'Clear threats against Islamic Republic': Iran rejects EU remarks

Iran's foreign ministry dismisses EU's condemnation of its missile programme, regional influence and internal policy.

    Iran unveiled the new Hoveizeh cruise missile during celebrations of the 40th anniversary of the Iranian revolution. [Iranian Defense Ministry/AP]
    Iran unveiled the new Hoveizeh cruise missile during celebrations of the 40th anniversary of the Iranian revolution. [Iranian Defense Ministry/AP]

    The Iranian foreign ministry has dismissed a European Union statement on the block's unease about Iran's missile programme, regional policies, alleged rights abuses and assassination plots in Europe.

    "Clear threats against the Islamic Republic are not constructive, efficient or helpful, and they are not in line with regional security and the real interests of Europe," the Iranian foreign ministry said in a statement on Tuesday.

    On Monday, the EU, in a 12-point statement, underlined its commitment to respect the landmark 2015 nuclear agreement aimed at curtailing Iran's nuclear activities in exchange for sanctions reliefs.

    But the EU said it is "gravely concerned by Iran's ballistic missile activity" and called on it to stop activities that deepened mistrust and destabilised the region.

    New cruise missile

    Iran says its missile tests are not in violation of the resolution and denies the weapons are capable of carrying nuclear warheads. It says its missiles are defensive and used for deterrence.


    During events marking the 40th anniversary of the 1979 Islamic revolution, Iran said it had added a new missile to its arsenal.

    "The test of the Hoveizeh cruise missile was carried out successfully at a range of 1,200 kilometres and accurately hit the set target," Defence Minister Amir Hatami said, quoted on state television which broadcast footage of its launch.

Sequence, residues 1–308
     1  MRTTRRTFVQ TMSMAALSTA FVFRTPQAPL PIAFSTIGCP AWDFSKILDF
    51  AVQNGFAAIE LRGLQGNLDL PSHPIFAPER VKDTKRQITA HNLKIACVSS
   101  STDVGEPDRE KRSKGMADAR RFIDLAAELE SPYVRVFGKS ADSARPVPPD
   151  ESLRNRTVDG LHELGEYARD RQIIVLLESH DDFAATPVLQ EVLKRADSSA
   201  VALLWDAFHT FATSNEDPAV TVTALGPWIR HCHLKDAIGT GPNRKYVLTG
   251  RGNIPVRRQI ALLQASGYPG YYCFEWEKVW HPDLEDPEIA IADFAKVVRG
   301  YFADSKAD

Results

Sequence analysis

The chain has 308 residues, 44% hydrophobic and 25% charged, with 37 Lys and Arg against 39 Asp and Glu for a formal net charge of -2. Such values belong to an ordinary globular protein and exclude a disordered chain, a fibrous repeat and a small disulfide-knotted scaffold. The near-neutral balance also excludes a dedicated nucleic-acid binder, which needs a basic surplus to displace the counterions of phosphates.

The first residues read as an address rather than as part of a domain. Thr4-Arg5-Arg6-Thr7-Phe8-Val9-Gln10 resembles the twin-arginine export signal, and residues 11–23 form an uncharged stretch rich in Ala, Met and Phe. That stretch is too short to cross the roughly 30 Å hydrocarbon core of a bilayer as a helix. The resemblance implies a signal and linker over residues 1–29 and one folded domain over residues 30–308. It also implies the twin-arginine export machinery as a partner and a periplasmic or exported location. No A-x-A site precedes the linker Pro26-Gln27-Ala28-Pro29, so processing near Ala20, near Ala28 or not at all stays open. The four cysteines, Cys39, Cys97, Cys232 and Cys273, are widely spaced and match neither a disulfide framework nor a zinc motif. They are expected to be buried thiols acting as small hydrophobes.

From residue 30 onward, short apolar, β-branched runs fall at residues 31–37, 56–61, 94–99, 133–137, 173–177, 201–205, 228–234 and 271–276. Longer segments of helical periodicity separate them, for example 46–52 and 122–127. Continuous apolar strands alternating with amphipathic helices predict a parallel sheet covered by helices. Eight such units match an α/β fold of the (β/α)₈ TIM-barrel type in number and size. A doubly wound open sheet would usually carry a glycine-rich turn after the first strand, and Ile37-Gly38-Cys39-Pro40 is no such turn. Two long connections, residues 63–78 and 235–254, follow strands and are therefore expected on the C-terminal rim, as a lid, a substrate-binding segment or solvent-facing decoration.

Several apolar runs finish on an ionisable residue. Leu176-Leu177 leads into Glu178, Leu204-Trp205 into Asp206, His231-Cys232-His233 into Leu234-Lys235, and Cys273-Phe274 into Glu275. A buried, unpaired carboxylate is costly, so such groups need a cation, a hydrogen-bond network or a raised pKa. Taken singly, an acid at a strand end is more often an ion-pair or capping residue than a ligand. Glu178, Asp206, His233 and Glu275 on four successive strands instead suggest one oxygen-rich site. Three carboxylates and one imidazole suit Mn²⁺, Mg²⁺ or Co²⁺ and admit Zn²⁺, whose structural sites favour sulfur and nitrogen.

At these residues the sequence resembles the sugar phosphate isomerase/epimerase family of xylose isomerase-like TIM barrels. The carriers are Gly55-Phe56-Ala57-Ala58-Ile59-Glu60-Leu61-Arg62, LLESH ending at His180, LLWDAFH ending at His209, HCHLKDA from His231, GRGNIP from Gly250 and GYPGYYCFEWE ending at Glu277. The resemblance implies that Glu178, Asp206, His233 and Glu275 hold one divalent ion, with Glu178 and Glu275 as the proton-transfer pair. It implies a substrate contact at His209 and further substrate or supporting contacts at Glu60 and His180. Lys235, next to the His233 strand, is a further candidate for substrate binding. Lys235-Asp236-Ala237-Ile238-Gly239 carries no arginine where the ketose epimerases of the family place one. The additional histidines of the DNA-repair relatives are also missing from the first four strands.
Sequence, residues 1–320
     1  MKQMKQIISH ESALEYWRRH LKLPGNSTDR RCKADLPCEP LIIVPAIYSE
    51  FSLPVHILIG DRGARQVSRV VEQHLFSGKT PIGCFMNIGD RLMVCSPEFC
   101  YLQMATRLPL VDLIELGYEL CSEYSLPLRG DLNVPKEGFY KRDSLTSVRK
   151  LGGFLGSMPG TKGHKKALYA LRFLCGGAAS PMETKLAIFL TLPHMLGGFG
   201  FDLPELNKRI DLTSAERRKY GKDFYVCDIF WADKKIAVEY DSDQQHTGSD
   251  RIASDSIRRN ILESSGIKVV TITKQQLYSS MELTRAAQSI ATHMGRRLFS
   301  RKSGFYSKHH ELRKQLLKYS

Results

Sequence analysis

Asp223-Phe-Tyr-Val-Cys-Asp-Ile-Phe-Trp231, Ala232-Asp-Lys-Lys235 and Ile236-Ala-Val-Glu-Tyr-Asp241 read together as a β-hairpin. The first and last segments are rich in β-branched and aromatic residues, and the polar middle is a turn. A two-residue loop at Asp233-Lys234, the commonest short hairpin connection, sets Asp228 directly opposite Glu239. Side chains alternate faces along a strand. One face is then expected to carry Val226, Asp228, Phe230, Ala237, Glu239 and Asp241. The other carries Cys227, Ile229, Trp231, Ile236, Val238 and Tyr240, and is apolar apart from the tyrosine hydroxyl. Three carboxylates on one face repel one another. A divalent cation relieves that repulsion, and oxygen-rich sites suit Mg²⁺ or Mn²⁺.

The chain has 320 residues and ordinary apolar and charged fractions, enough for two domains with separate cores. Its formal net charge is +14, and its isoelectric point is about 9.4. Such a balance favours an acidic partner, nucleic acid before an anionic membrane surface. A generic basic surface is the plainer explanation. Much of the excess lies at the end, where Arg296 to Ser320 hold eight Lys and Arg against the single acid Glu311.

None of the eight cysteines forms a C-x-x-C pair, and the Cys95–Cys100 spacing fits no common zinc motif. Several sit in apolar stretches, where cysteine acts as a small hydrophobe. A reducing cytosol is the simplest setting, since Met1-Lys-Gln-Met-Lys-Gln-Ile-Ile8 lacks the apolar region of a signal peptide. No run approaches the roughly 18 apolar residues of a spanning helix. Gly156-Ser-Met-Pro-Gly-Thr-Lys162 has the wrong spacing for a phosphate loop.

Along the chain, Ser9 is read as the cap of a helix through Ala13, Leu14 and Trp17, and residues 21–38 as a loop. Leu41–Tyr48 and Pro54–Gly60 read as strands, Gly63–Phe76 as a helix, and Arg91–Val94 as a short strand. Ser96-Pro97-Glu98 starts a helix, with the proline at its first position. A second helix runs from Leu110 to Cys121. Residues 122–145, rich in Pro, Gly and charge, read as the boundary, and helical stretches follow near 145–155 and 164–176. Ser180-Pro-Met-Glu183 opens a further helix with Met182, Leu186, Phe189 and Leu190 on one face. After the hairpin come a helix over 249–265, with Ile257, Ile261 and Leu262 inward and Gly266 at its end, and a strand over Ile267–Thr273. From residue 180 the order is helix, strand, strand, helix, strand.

The EU's statement also expressed concern about Iran's role in growing Middle East tensions, including support for groups in Lebanon and Syria, as well as Iran's own forces in Syria.

    In addition, it called on all parties involved in Yemen, including Iran, to work towards ending the conflict there.

    The EU also criticized Iran's human rights record, highlighting its use of the death penalty and urging it to respect equal rights for women and girls and minorities.

    Iran's foreign ministry replied with criticism of its own.

    "Raising such baseless and hollow accusations while known terrorist and criminal groups are free in Europe, is non-constructive at this stage," its statement said.

    it went on to say that EU statement is "in line with the goals of enemies who seek to undermine Iran's relations with Europe." 


    As part of EU's strategy to keep Iran part of the nuclear deal, the bloc launched the Instrument In Support Of Trade Exchanges (INSTEX), a financial vehicle that would allow humanitarian trade to bypass US sanctions.

    The payment mechanism was welcomed by the ministry even if it called it "late and inadequate".

    Iran warned that it would revise relations with Europe if it did not benefit economically from INSTEX.

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    SOURCE: Al Jazeera and news agencies